How Does ESG Alter Credit Risk? India Ratings Wants To Spot The Link

ESG relevance disclosures will become part of the ratings action commentaries by the firm from Jan. 1, 2022.

<div class="paragraphs"><p>Indian 50 rupee, left, and 2,000 rupee banknotes in an arranged photograph. [Photographer: Brent Lewin/Bloomberg]</p></div>
Indian 50 rupee, left, and 2,000 rupee banknotes in an arranged photograph. [Photographer: Brent Lewin/Bloomberg]

Starting the New Year's day, India Ratings and Research Pvt. will start integrating commentary on how certain environmental, social and governance issues impact the credit ratings of companies.

It announced the launch of ESG Relevance Disclosure, which would now be part of its rating action commentaries from Jan. 1. The move comes as ESG is increasingly becoming a defining factor for the flow of capital across the world.

"We are trying to see what is the intersection of the ESG risks with the credit risk over the rating horizon of five years," Rakesh Valecha, senior director and head of the core analytical group at India Ratings, told BloombergQuint. "Our aim is to see if there are any ESG factors that are, either on their own or in conjunction with other rating drivers, impacting credit ratings. And, if there are, to highlight (it) and bring forth in our disclosures.”

India Ratings' analysis will be drawn from 14 factors—five environmental, five social and four for governance—based on a framework devised by the Sustainability Accounting Standards Board. The credit rater will then classify these in three broad categories to show whether any of the factors are minimally, moderately or highly relevant to the credit rating decision.

How It Differs From ESG Ratings

India Ratings says it's different from scores measuring compliance of ESG-related criteria. "We are not making any moral judgements on any company. It's not up to us to say whether ESG practices of a company are good or bad."

Valecha explains that their commentary will provide the relevance of ESG factors to the credit rating. He gives an example:

"Take the coal industry. You would obviously classify it as one of the most polluting, and hence, that will negatively impact its ESG rating. But from a credit perspective, those risks may not play out in the next five years. The pace of transition from coal to renewable will remain an evolving process. So, it may not see its credit rating being negatively impacted, at least for now."

However, if local restrictions or social unrest cause a particular polluting unit to shut down in view of the larger impact to the society, then the credit rating may be impacted, he said.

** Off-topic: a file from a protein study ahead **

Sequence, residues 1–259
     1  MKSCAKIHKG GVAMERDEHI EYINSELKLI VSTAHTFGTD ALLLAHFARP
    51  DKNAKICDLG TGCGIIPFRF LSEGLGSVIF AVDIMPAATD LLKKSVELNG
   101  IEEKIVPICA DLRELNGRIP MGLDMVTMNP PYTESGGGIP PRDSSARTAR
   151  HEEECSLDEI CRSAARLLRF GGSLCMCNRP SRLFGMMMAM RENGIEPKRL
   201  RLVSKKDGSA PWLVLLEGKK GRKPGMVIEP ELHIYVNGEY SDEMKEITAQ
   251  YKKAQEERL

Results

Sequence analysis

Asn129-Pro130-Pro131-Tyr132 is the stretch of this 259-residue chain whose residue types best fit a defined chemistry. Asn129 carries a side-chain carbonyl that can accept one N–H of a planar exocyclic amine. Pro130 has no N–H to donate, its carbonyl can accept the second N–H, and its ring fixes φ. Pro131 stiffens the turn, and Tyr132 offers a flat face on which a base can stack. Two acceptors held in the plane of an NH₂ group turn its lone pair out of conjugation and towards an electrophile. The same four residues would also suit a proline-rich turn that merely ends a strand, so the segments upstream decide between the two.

"The impact has to be tangible, measurable and material. We do not intend to make hypothetical judgments."
Rakesh Valecha, Senior Director and Head—Core Analytical Group, India Ratings

Increasingly, analysts and investors have been attempting to find out how ESG factors are linked to credit risks for a company.

While ESG ratings can help benchmark the sustainability of a business over the long term, they continue to lack common ground for assessment, making it harder for investors to make sense of them.

Credit ratings, on the other hand, have established standards that have been harmonised over the years. The United Nations Principles for Responsible Investment has also urged credit raters to start incorporating ESG in rating decisions as these would be important in assessing the creditworthiness of borrowers and likelihood of defaults.

Globally, credit ratings providers like S&P, Fitch Ratings and Moody's Investors Service already bake in ESG factors into their ratings action. However, it is relatively newer for India.

Besides India Ratings, Acuite Ratings & Research, too, has started incorporating ESG factors into its credit ratings. They will disclose the "financial materiality" of the ESG issues to the credit ratings in their analysis. Crisil Ltd. has its own ESG rankings separate from credit ratings.

That isn't to say that ESG factors were not being included in the ratings action earlier. After all, ESG risks are business risks that credit raters have to consider anyway.

"What we are now trying to do is drill down further into the sub-factors," Valecha said. "If we can zero in on the ESG factors that play a role in the ratings, then the investors can decide whether it makes sense for them or not, and ultimately take a call on investing in that company."

"Investors can take binary calls over ESG like not wanting to invest in coal completely, and only invest in green technologies. But when a decision has to be made where you need to figure out the risk premium for lending to a business with ESG issues, then such disclosures can help them decide how to price that risk," Valecha said.

"That's how investors have been mostly using it globally, as far as our parent Fitch's experience is concerned."